Revamping Your 2017 Hiring Mindset
So let’s be real – hiring is important. If you don’t find the right talent to fill a position, work that you need done will have no one to do it. But the labor market is tightening, and those crucial positions are continuing to go unfilled. The average time-to-fill for jobs in all U.S. industries is rising: for large global companies it increased by 62 percent from 2010-2015.
You’re going to have to take recruitment seriously. What better time than the new year to start thinking of some new strategies? Here are some tips and trends you should know as you begin revamping your 2017 hiring mindset.
1. Early is better! If you don’t fill a position quickly, chances are it’s going to be a hassle for you. Indeed.com identified a tipping point at around 30 days of vacancy – that is, if you don’t fill that job in a month it’s probably going to be more than three months of nobody working for you. Get your brand out as early as possible, you’d rather have people wanting a position when nothing’s available than the other way around.
2. Network yourself. 85% of jobs today are filled through networking, according to a 2016 survey by LinkedIn. Find a way to make the position stand out as an attractive offer to anyone, and then get it networked as broadly as possible. Word of mouth is your best tool as an employer – be willing to forgo a formally publicized application process and instead try first to fill positions by considering people in contact with your company or employees through the backdoor.
3. Go Low Commitment. Contract staffing is becoming a more popular search and isn’t a bad idea for a long-term recruiting strategy either – it allows you to address temporary needs quickly, and the more people who’ve spent time working for you (and enjoyed it) the broader your network will be.
4. People Don’t Want to Move. Don’t look too far for new employees – they might not come. Only a third of employed adults would even consider relocation for a new job, and that’s even more true of those unemployed (15%). And if you really can’t find what you need locally, things will get expensive. Among that third who would consider, pay and benefits are the deciding factors.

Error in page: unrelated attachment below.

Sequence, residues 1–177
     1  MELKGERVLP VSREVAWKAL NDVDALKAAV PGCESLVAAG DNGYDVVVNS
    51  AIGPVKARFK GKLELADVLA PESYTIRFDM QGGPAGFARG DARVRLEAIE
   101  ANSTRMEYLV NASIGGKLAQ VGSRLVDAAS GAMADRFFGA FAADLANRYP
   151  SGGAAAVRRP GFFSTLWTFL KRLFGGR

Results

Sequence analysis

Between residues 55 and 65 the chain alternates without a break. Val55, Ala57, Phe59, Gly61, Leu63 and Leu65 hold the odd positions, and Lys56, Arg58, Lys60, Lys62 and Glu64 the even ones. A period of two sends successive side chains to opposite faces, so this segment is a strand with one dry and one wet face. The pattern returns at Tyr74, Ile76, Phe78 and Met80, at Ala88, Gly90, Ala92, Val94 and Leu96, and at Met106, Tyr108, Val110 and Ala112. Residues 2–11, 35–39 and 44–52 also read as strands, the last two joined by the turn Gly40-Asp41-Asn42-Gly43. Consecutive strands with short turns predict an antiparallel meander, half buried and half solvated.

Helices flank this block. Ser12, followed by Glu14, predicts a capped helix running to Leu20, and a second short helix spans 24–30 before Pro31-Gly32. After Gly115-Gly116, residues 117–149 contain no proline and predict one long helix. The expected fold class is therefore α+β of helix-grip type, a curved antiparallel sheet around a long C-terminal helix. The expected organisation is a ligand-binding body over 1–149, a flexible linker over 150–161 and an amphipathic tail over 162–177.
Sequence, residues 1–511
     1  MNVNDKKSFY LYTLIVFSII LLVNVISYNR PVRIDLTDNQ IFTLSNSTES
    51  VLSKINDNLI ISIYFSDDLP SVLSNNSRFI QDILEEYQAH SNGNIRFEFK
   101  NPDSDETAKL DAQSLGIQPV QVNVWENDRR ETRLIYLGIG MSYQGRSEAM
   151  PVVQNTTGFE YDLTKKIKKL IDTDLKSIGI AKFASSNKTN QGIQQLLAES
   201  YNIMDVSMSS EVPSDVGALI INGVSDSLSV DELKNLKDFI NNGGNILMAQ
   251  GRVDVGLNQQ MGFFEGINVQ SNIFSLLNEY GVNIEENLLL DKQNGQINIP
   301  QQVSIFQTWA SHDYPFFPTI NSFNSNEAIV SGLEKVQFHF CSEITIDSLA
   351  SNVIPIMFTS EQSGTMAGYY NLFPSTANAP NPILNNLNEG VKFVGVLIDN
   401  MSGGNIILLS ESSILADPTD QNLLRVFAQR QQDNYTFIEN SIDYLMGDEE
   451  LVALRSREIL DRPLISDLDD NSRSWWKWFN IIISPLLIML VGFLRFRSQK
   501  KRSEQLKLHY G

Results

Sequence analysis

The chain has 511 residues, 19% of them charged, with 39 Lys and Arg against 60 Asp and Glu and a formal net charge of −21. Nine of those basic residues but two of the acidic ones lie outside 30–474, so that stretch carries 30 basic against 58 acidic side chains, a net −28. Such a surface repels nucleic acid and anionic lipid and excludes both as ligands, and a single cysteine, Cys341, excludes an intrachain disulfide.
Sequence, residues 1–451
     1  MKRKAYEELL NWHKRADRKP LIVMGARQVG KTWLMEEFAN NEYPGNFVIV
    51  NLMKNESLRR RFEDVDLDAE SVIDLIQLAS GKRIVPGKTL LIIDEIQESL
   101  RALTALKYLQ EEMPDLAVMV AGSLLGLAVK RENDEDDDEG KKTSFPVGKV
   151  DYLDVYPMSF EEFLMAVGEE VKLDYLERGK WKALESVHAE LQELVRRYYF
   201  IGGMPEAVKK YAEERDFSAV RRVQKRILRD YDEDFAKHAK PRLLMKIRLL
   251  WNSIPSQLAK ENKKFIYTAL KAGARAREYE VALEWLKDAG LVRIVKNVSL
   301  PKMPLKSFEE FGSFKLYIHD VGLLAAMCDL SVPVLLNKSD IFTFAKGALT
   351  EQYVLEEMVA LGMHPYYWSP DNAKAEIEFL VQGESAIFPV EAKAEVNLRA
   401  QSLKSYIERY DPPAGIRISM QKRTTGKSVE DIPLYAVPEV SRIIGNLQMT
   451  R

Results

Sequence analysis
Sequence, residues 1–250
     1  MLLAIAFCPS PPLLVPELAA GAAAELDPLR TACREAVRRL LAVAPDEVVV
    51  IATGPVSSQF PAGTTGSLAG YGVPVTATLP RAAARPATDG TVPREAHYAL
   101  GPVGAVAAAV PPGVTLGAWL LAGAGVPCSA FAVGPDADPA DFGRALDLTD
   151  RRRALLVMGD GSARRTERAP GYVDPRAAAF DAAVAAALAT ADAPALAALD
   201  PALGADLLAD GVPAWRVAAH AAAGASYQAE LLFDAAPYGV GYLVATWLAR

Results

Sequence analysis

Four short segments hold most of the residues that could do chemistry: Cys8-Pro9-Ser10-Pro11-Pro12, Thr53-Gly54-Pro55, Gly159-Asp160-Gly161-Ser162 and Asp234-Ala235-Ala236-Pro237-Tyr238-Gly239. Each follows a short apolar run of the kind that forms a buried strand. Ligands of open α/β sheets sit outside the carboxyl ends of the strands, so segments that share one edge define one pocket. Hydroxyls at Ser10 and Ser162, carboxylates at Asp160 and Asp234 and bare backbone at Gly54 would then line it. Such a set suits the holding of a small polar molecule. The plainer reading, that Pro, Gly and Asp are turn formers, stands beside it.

5. Develop your talent. Experience is getting harder to find, and even harder to convince to transfer. Think about hiring for traits and motivators – if someone has the right personality and the skills to fit the job, that experience is something they can get with you. More and more companies are focusing on internal development as a solution to their tight labor market woes.
6. Publicize what you offer. 65% of adults say that starting pay is the most important factor in considering a change of jobs, but retention is being driven more by work-life balance (49%) than anything else. More people value schedule flexibility in their current positions than wage potential, so if working for you is a great life style in addition to a great opportunity make sure the world knows!
7. Use technology. People use company websites to find information, so make sure yours looks good! But those using the web to search say the most helpful resources are job board websites like CareerBuilder, Indeed, and LinkedIn. Potential employees like the ease of getting their resume out there, so make sure you’re taking advantage.
8. Get help. You’re going to need to fill positions quickly, but don’t take unnecessary risks. In a previous blog we noted how a single bad hire could be disastrous for your organization. Don’t rush a process that you don’t have the time or resources to do well, there are other options. 42% of people seeking jobs go through a staffing or recruiting company, a trend that’s been steadily rising in recent years. As labor shortages rise and positions go unfilled, take advantage of this trend and get help from the people who know how to find the talent you need.
There is a shortage of talent in the life science industry, and it’s growing. In order to compete in such an innovative and progressing field, you will need to make sure recruiting the talent you need is a priority. If you don’t have the time or resources necessary to effectively recruit the best, hire someone who can.
Talencio has been the preferred provider of vetted, accomplished professionals to the Life Sciences community for over nine years. To learn more about how other medical device, bio-pharma, health IT and healthcare companies have partnered with us and tapped into our skilled professional talent pool, contact us at 612.703.4236 or email.
Written by: Jordan Hughes, Talencio intern and student at Washington University in St. Louis, St. Louis, MO.